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Climate change threatens the provisioning of forest ecosystem services and biodiversity (ESB). The climate sensitivity of ESB may vary with forest development from young to old-growth conditions as structure and composition shift over time and space. This study addresses knowledge gaps hindering implementation of adaptive forest management strategies to sustain ESB. We focused on a number of ESB indicators to (i) analyze associations among carbon storage, timber growth rate, and species richness along a forest development gradient, (ii) test the sensitivity of these associations to climatic changes, and (iii) identify hotspots of climate sensitivity across the boreal-temperate forests of eastern North America. From pre-existing databases and literature, we compiled a unique dataset of 18,507 forest plots. We used a full Bayesian framework to quantify responses of nine ESB indicators. The Bayesian models were used to assess the sensitivity of these indicators and their associations to projected increases in temperature and precipitation. We found the strongest association among the investigated ESB indicators in old forests (> 170 years). These forests simultaneously support high levels of carbon storage, timber growth, and species richness. Older forests also exhibit low climate sensitivity of associations among ESB indicators as compared to younger forests. While regions with a currently low combined ESB performance benefitted from climate change, regions with a high ESB performance were particularly vulnerable to climate change. In particular, climate sensitivity was highest east and southeast of the Great Lakes, signaling potential priority areas for adaptive management. Our findings suggest that strategies aimed at enhancing the representation of older forest conditions at landscape scales will help sustain ecosystem services and biodiversity in a changing world. This article is protected by copyright. All rights reserved.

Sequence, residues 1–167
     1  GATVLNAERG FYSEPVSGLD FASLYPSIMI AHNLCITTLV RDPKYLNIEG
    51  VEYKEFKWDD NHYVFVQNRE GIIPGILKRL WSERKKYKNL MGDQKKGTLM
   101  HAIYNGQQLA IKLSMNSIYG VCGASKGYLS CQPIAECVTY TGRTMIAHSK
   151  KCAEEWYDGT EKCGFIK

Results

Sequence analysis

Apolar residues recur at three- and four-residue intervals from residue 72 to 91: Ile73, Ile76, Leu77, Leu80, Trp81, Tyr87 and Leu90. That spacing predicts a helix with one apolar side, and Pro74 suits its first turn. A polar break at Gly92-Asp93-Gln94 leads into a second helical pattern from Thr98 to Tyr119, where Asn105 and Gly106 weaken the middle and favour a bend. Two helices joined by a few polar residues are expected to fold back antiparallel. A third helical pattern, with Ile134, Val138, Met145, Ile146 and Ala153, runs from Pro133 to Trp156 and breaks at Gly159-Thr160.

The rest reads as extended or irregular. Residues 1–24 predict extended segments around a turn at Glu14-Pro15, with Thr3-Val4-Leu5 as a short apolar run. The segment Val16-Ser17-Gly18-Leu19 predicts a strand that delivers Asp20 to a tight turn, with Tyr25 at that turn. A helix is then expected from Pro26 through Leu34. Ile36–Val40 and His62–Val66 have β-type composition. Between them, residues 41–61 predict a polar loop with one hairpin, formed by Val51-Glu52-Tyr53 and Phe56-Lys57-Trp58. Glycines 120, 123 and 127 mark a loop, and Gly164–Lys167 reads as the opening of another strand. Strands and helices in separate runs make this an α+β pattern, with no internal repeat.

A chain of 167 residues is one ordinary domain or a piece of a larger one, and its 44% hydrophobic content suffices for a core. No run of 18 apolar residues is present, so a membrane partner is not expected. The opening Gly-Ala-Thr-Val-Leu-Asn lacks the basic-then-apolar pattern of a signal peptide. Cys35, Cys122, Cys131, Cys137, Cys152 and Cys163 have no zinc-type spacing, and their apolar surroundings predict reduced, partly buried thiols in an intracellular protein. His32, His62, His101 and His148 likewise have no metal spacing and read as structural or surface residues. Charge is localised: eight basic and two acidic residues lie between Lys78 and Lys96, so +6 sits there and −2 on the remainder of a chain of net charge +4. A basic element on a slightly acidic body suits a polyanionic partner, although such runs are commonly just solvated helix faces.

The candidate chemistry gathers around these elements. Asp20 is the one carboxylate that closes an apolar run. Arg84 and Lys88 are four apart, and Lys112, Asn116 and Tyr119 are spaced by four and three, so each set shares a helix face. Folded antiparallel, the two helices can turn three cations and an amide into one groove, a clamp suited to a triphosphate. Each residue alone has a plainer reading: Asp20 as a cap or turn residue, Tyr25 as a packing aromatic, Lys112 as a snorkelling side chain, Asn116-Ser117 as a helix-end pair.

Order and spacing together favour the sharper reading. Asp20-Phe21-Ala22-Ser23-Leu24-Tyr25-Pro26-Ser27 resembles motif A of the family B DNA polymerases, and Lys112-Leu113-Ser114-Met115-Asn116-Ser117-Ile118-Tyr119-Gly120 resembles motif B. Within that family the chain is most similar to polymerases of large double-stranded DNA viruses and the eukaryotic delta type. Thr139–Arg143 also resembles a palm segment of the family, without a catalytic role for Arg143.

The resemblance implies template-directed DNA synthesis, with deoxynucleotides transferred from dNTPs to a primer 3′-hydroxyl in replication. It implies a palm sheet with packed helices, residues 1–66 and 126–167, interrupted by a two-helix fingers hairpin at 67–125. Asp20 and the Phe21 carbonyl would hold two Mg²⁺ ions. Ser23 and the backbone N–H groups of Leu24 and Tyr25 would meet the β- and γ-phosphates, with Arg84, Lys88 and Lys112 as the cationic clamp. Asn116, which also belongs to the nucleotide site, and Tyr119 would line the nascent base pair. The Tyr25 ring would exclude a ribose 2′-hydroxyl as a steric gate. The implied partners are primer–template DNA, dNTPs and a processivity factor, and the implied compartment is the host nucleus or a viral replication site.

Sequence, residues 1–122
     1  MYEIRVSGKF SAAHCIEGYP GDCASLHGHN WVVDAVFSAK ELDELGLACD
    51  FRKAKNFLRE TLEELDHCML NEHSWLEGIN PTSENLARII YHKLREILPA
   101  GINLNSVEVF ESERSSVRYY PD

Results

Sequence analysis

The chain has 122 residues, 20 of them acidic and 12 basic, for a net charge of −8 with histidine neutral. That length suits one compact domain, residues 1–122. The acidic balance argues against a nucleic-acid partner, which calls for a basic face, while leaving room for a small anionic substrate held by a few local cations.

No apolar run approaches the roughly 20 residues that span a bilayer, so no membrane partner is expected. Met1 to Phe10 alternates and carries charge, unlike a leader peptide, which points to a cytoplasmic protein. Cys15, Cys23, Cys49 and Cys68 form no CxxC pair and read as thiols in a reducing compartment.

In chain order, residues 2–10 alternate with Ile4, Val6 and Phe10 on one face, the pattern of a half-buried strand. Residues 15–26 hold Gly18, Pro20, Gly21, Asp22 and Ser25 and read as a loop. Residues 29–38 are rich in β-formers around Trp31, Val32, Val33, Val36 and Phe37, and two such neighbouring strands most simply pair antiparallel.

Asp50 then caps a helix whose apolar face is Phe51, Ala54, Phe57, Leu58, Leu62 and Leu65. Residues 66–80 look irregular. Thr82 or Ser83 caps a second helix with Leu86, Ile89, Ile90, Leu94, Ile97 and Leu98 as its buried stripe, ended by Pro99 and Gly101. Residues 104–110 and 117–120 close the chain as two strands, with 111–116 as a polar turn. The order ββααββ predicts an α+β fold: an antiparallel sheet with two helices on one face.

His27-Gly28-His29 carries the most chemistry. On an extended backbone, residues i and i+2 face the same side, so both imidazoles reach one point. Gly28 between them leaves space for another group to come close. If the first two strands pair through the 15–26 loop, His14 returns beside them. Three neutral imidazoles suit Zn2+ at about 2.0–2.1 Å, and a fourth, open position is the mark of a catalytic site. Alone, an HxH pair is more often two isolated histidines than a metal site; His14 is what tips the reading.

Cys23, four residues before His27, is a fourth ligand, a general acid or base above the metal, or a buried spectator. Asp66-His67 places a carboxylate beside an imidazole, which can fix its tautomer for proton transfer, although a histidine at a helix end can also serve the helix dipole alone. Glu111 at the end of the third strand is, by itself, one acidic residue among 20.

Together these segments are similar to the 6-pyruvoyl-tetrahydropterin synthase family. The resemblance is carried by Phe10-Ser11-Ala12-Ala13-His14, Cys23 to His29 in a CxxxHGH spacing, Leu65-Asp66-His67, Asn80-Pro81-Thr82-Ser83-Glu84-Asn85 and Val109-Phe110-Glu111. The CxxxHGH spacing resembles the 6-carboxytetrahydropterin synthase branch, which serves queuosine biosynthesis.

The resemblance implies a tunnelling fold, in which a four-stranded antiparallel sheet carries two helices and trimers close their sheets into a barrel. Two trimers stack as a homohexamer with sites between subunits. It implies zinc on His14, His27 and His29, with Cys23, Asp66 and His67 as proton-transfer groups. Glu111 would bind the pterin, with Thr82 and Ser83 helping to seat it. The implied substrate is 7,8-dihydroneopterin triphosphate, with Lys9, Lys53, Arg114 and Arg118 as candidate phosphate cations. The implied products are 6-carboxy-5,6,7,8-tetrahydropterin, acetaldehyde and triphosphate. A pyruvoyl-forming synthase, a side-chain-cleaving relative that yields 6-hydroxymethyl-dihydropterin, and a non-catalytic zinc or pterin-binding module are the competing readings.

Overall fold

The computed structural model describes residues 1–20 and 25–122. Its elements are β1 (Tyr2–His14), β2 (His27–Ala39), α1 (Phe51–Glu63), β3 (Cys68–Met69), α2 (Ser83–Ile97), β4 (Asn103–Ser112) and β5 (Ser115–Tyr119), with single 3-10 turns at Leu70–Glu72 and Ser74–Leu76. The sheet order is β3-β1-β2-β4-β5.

This article was published in the following journal.
Name: Global change biology
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A type of climate characterized by insufficient moisture to support appreciable plant life. It is a climate of extreme aridity, usually of extreme heat, and of negligible rainfall. (From McGraw-Hill Dictionary of Scientific and Technical Terms, 4th ed)
Any significant change in measures of climate (such as temperature, precipitation, or wind) lasting for an extended period (decades or longer). It may result from natural factors such as changes in the sun's intensity, natural processes within the climate system such as changes in ocean circulation, or human activities.
A climate characterized by COLD TEMPERATURE for a majority of the time during the year.
An animal or plant species in danger of extinction. Causes can include human activity, changing climate, or change in predator/prey ratios.
A climate which is typical of equatorial and tropical regions, i.e., one with continually high temperatures with considerable precipitation, at least during part of the year. (McGraw-Hill Dictionary of Scientific and Technical Terms, 4th ed)